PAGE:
Alhaji Lai Mohammed, Honourable Minister for Information and Culture

Angry reactions, protests over hiked petrol, electricity prices unnecessary: Minister

*If crude oil price drops, petrol price will also drop, and consumers will enjoy the benefits ─Information and Culture Minister Lai Mohammed

*Federal Government has supported problematic, largely-privatised electricity industry with about N1.7 trillion, but not any longer

Isola Moses | ConsumerConnect

Nigeria’s Honourable Minister for Information and Culture, Alhaji Lai Mohammed, has risen to the occasion in defence of the Federal Government’s recent decision to jack up the price of Premium Motor Spirit (PMS), also known as petrol from previous N148 to N151.56K besides 100 percent in electricity tariffs in the country.

The Minister made the remarks Monday, September 7 at a press conference in Abuja, FCT, on the recent increases in petrol price and electricity tariffs.

ConsumerConnect had reported that there were groundswells of reactions that trailed the latest announcement of an increase in petrol price, just as cross-sections of Nigerian consumers have protested against the Federal Goverment’s fuel and electricity price hikes in a number of states in the Federation.

The Pipelines and Product Marketing Company (PPMC), a subsidiary of the Nigerian National Petroleum Corporation (NNPC) Wednesday, September 2, 2020, announced the increment in the pump price of petrol, otherwise known as the Premium Motor Spirit (PMS).

In justifying the increment, the Minister, who attributed the increased amount to the dwindling global price of crude oil, said the “angry reactions” that have greeted the latest petrol price were “unnecessary and totally mischievous”.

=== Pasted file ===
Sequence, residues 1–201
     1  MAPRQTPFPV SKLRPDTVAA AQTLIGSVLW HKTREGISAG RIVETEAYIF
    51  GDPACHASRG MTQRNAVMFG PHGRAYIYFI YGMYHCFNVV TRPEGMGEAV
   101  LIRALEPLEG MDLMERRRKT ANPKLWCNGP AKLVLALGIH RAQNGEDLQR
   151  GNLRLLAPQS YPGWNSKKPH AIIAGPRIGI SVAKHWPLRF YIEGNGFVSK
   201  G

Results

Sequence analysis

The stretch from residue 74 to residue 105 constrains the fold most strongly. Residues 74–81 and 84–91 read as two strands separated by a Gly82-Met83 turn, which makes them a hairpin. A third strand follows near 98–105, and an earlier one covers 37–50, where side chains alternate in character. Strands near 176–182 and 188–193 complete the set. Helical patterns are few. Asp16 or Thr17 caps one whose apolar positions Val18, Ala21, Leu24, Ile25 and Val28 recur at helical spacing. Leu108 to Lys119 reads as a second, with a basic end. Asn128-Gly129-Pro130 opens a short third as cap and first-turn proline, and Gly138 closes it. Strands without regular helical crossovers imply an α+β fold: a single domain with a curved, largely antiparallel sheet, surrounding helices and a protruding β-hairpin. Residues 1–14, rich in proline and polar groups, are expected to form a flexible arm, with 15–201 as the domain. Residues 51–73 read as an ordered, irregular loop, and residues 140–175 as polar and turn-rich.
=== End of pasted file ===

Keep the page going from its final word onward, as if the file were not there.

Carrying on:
Alhaji Mohammed explained that with the price of crude creeping up, petrol price was equally bound to increase, hence the latest price of N162 per litre in several instances.

The minister, however, believes if the price of crude drops again, the price of petrol will also drop and the benefits will also be passed on to the consumers.

He stressed that despite the recent increase in the price of petrol that of Nigeria has remained the lowest in the West and Central African sub-regions.

Petrol is being sold for N211 per litre and N168 per litre in Egypt and Saudi Arabia respectively, according to the Minister.

According to the Minister, a comparative analysis of petrol prices in 13 countries of the West African sub-region (Naira equivalent per litre) is as follows:

  1. Nigeria                 – 162 Naira per litre
  2. Ghana                  –  332 Naira per litre
  3. Benin                   – 359 Naira per litre
  4. Togo                     – 300 Naira per litre
  5. Niger                    – 346 Naira per litre
  6. Chad                    – 366 Naira per litre
  7. Cameroon           – 449 Naira per litre
  8. Burkina Faso      –  433 Naira per Litre
  9. Mali                     – 476 Naira per litre
  10. Liberia                 – 257 Naira per litre
  11. Sierra Leone       – 281 Naira per litre
  12. Guinea                – 363 Naira per litre
  13. Senegal               – 549 Naira per litre

In respect of the increase in electricity tariffs, Mohammed described the hike as a service-based adjustment by the electricity Distribution Companies (DisCos).

He stated that due to the problems with the largely-privatised electricity industry, the Federal Government has been supporting the sector.

While the government has so far spent almost N1.7 trillion, especially by way of supplementing tariffs shortfalls and does not have the resources to continue, borrowing to subsidise generation and distribution which have been privatised would be grossly irresponsible.

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